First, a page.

Kansas officials like keeping Big 12 intact
With the Big 12 realignment storm apparently subsiding, higher education officials in Kansas on Wednesday looked like folks climbing out of a cellar -- relieved and happy, but wary of the possibility of more bad weather.
"We're glad the Big 12 is staying together and that KU and K-State stay together," said Board of Regents Chairman Ed McKechnie.
Texas A&M's intention to leave for the Southeastern Conference led to weeks of speculation that Texas, Oklahoma, Texas Tech and Oklahoma State were going to join the Pac-12.
But the Pac-12 announced late Tuesday it would stay at 12 members. And Texas started making sounds that it was willing to share some TV revenue with other conference members, although none from its new Longhorn Network deal with ESPN.
During the realignment-rumor drama, Gov. Sam Brownback, McKechnie and university officials all publicly stated they wanted the remaining Big 12 schools to stay together, and for KU and KSU to stay together in the league.
And that's how it has apparently turned out, at least for the near term. "That is ideal for us," said KU Chancellor Bernadette Gray-Little.
She said staying in the Big 12 was important because being in a less prominent league may have reduced KU's visibility to some potential students.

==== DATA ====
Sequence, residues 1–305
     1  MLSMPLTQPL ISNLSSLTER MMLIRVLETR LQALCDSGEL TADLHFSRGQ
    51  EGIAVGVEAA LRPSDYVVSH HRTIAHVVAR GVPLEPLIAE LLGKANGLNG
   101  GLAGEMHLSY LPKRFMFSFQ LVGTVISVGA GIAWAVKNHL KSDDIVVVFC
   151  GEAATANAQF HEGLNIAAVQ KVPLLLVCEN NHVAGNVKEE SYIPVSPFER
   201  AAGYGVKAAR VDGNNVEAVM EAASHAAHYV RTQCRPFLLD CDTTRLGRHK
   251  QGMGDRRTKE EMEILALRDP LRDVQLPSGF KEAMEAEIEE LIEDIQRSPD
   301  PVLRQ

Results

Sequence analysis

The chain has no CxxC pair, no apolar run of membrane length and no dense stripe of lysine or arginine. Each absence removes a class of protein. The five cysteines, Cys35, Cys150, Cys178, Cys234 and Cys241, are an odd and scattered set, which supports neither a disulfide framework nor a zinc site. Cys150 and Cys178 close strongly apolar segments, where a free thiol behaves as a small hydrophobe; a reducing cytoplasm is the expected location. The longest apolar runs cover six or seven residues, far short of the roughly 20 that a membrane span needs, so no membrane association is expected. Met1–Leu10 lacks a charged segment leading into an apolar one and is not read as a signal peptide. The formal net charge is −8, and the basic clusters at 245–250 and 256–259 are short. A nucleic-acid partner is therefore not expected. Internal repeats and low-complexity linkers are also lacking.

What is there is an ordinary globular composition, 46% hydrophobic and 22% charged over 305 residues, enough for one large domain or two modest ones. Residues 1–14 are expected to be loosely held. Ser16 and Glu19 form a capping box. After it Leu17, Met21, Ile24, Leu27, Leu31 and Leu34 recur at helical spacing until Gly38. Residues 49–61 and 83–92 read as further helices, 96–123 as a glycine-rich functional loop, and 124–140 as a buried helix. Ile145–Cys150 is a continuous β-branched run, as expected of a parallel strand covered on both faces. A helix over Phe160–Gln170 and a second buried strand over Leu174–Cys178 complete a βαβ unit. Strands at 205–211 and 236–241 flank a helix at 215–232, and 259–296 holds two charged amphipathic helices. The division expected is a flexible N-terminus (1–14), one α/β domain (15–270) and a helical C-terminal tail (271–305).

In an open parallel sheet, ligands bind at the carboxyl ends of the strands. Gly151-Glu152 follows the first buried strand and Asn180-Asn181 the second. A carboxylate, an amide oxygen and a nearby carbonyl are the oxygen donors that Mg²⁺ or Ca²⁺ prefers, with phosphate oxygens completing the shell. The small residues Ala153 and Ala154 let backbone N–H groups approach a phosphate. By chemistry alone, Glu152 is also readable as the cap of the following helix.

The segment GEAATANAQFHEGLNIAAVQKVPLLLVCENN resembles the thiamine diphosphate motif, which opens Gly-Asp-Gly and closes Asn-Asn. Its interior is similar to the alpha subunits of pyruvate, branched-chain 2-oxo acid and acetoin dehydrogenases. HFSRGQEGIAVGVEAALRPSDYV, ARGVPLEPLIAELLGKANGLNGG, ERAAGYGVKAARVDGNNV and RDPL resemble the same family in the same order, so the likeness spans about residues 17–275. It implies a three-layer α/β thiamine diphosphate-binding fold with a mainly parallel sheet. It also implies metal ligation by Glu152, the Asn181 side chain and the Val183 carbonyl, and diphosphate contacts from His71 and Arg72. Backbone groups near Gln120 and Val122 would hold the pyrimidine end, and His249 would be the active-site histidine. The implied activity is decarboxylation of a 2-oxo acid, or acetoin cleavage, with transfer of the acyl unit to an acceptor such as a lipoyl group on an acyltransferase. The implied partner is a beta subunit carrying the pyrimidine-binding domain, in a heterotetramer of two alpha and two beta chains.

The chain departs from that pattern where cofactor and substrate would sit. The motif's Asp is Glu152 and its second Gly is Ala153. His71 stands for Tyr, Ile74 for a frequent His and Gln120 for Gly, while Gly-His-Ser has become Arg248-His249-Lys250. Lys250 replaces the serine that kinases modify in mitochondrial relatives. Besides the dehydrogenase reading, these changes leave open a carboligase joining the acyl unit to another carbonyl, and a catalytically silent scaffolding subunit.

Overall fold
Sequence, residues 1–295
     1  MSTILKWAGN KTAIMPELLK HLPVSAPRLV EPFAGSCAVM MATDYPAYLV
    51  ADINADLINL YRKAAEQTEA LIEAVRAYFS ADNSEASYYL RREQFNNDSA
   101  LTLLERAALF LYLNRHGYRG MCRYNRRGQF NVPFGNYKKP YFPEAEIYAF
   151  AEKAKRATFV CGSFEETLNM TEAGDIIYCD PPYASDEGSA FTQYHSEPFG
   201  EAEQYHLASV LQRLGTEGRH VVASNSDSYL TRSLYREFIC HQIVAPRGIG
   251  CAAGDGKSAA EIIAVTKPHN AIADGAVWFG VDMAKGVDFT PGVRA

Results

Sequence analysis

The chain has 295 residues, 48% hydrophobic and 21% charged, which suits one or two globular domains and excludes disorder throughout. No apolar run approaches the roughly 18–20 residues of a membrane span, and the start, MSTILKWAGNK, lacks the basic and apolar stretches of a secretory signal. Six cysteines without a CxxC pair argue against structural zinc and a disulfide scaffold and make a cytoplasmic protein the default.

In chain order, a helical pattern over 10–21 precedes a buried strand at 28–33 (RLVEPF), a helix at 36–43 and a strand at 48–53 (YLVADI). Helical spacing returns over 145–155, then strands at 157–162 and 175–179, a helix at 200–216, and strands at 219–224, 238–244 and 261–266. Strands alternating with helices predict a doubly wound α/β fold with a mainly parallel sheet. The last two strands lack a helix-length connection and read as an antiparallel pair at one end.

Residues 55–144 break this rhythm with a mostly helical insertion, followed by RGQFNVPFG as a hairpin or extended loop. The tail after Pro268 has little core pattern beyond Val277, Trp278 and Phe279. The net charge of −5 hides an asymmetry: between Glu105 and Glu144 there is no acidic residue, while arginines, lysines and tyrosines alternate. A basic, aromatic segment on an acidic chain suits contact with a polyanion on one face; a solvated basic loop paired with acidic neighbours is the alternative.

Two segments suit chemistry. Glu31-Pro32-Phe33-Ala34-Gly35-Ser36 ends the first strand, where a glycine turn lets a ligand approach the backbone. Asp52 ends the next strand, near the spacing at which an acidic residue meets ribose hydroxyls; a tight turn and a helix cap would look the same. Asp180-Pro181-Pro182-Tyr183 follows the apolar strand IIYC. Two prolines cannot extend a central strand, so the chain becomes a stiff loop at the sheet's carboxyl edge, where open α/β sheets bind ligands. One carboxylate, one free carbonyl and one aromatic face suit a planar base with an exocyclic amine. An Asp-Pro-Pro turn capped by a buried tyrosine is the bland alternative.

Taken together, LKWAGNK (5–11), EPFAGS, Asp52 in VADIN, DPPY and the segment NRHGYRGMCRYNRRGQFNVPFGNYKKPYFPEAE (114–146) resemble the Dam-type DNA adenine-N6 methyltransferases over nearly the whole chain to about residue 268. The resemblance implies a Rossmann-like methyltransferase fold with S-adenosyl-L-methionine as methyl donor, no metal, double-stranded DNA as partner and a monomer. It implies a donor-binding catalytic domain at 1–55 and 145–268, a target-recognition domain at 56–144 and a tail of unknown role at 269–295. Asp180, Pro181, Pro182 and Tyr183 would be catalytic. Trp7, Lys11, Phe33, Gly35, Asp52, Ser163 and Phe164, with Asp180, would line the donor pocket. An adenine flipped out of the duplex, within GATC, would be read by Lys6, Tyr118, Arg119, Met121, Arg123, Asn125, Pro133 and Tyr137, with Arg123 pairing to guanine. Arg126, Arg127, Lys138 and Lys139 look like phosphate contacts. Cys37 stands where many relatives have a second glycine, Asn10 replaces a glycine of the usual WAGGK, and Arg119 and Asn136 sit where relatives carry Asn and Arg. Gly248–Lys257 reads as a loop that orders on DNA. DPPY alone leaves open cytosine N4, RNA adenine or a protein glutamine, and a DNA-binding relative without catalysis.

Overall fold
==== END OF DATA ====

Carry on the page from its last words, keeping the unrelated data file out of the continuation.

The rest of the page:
Resolution of the issue, McKechnie said, "let's us focus back on academics. I feel better today than I have in five weeks."
The regents went into a 30-minute closed session with Gray-Little, KU Athletic Director Sheahon Zenger, their counterparts at K-State, and attorneys from the two schools.
McKechnie said the schools are reviewing their contracts with the Big 12 but he wouldn't elaborate any further. He also wouldn't comment on whether Big 12 Commissioner Dan Beebe should keep his job. "I want people who solve problems," he said.
He said the Big 12 schools need to increase their commitments to each other, especially in building academic ties.
He noted no Big 10 school thought about leaving that conference. "That's what we need to get the Big 12 schools to be," he said.
"I realize that in this conversation, football is king, basketball matters, but most importantly what matters is the academics," he said.
And, he said, it wasn't a fight that KU or K-State wanted.
"The people who all were fighting are the people who have the revenue. The people who don't have the revenue weren't fighting," he said.
Libby Johnson, president of the KU student body, said the developments concerning the Big 12 have been a major topic of discussion.
"The student body is definitely concerned about it and paying attention," Johnson said.
Johnson said she hoped KU stayed in the Big 12. "The Big 12 has served KU students well," she said.
By Scott Rothschild